Gülle assessed the U.S. administration's decision to put more than a 25-percent tariff on over 800 products worth $34 billion imported from China, as well as possible trade wars that could spread all over the world. Stating that it is historically proven that there would not be a winning side in the trade wars, Gülle recalled that world trade, which was down to $16 trillion in 2015 and 2016, recovered in 2017, reaching $17.4 trillion.

Gülle noted that world trade is expected to increase further this year and reach $19 trillion, indicating that despite the positive outlook in global trade at the moment, the most important obstacle in front of the world is the protectionist policies implemented by the United States, which have turned into a trade war with the response of other countries. He said the United States has always been an important trade partner of Turkey, ranking fifth in exports with $8.7 billion last year and fourth in imports again with $11.9 billion.

"Steel and aluminum are among the most prominent products in our exports to the U.S. Of course, the additional tariffs on these products will affect our exports. However, if our firms move to alternative markets, this effect will be minimum," he said. Commenting on the U.S. decision put into effect on Friday, July 6, Gülle said that Turkey's exports of steel and aluminum to the U.S. hit $1.9 billion in 2017.

"The issue of removing obstacles in front of the trade is a matter that both TİM and our government are working diligently on. However, it is certain that the U.S. decision will have aftershocks," Gülle suggested. "China's additional taxes against this step, if the U.S. responds to these taxes once again, will affect not only the U.S. and China, but indirectly all the countries of the world."

The $400 million Trump effect

The trade war between the U.S., China and the EU will not affect Turkey's automotive exports. The impact of this competition on the Turkish automotive industry will be less than expected. As the leader of Turkey's exports with $30 billion, the automotive sector plans to close exports to the U.S. with $1 billion with a loss of $400 million compared to last year. The Turkish automotive industry has studied the impacts of a trade war on Turkey, compiling a report of its findings: The competition has cost $400 million for Turkey.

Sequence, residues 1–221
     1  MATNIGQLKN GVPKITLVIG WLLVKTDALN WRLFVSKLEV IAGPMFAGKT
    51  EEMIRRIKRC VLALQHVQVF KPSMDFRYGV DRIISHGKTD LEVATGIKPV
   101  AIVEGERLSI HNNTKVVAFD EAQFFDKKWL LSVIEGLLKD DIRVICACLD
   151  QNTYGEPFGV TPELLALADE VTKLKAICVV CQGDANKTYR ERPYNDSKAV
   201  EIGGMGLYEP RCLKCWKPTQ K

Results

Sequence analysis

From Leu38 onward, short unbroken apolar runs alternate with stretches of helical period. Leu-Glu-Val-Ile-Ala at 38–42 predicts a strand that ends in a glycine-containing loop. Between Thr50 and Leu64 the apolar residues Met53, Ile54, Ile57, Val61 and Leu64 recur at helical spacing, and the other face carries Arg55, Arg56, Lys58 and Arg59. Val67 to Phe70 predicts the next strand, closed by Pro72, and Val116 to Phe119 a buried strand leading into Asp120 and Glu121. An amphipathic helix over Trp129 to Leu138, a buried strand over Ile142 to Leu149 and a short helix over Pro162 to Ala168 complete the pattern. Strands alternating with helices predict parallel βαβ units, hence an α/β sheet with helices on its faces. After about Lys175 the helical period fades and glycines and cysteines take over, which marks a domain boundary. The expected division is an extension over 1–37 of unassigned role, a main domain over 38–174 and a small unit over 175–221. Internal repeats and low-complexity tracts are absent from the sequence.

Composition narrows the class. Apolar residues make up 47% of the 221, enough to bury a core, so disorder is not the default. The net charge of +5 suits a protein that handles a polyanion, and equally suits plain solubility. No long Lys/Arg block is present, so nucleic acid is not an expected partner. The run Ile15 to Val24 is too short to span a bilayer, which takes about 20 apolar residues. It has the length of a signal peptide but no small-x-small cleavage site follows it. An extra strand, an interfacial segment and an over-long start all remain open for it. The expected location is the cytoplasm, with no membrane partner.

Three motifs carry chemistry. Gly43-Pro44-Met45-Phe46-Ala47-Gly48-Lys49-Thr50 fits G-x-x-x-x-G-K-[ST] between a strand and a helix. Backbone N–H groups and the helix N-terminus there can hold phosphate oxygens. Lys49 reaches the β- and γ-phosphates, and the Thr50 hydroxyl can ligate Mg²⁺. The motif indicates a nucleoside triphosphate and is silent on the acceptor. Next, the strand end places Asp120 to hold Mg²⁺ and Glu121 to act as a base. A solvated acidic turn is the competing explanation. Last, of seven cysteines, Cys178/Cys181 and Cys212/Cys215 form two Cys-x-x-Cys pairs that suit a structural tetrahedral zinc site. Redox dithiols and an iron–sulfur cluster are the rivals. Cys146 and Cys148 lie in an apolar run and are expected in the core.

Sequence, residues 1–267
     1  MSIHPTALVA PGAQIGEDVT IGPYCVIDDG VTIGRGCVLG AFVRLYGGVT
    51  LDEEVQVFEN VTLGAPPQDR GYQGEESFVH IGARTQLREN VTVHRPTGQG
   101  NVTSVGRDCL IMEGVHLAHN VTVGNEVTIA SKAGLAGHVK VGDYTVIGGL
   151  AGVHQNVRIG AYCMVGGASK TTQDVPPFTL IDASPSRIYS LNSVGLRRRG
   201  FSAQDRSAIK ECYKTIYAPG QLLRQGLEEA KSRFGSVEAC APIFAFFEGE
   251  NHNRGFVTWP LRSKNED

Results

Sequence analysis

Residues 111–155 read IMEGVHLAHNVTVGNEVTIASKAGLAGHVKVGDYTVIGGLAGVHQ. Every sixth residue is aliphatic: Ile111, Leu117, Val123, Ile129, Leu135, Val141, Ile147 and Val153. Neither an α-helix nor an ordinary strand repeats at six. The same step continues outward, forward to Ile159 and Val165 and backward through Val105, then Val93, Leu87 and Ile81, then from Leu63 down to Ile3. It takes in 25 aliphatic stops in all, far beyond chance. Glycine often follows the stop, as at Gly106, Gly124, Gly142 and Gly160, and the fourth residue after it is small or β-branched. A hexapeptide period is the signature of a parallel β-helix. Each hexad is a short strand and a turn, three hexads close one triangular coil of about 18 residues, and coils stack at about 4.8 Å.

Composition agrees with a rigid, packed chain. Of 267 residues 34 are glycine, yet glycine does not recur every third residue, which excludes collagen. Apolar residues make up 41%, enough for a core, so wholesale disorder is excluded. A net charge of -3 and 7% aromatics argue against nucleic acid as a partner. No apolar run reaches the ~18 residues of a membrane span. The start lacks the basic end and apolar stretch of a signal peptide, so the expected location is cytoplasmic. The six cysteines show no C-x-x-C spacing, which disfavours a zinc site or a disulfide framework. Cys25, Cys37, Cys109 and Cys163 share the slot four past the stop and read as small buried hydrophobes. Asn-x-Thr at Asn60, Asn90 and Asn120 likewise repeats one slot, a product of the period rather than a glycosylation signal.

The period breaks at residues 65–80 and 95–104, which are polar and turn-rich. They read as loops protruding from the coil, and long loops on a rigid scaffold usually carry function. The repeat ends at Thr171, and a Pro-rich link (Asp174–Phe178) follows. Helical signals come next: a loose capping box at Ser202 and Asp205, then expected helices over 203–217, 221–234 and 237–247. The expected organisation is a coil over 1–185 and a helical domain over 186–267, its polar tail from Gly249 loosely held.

The report also said that the U.S. is the world's largest automotive importer, adding, "While imports in the 87th chapter of the country were $295 billion in 2017, imports in the 8,708th chapter alone amounted to $66.6 billion. Personal cars accounted for $180 billion of the country's automotive imports. Also, the U.S.' import of motor vehicles for the carriage of goods was $26.5 billion. While our country's automotive exports to the U.S. amounted to $890 million in 2011 and to $853 million in 2012, they declined in the next two years. When it came to 2015, our automotive exports to the U.S. soared by 65 percent, rising to $779 million. Our automotive exports to the U.S. amounted to $701 million in 2016 and to $1.02 billion, with a 101 percent rise, in 2017."

Touching on the immediate effects of the trade war, the report said, "In the January-May period of 2018, our automotive exports to the U.S. declined by 9 percent, amounting to $406 million. Also, while our exports of sub-industry products to the U.S. rose by 41 percent and exports of motor vehicles for the carriage of goods to the U.S. rose by 75 percent, our export of private cars fell by 49 percent. Our automotive exports to the U.S. are expected to exceed $1 billion by the end of the year. As a result, the U.S. has been one of the most important alternative markets for our automotive exports in the recent period. The U.S. was the sixth most exported country in 2017 with a 5 percent share of our automotive exports. The possible obstacles and additional customs taxes that might be introduced as a result of the investigation that the U.S. has launched about automotive imports will have a direct negative impact on our automotive exports to this country."

Speaking about the customs tariffs applied by the U.S., Haydar Yenigün, the chairman of the Automotive Industry Association, said that the U.S.' protectionist policies against imports which have been on the rise in the recent period indicate that the international trade will go beyond the common lines in the upcoming period.

"It is crucial for Turkey to closely follow the policies and to take necessary measures in a timely manner by taking the opinion of the real sector," he underlined.

On the other hand, it is thought that the German automotive industry will turn to alternative markets after the U.S. It is expected that German automotive brands such as Volkswagen and Mercedes, which are among the largest customers for Turkey's high-quality and financially beneficial automotive industry, will make investments.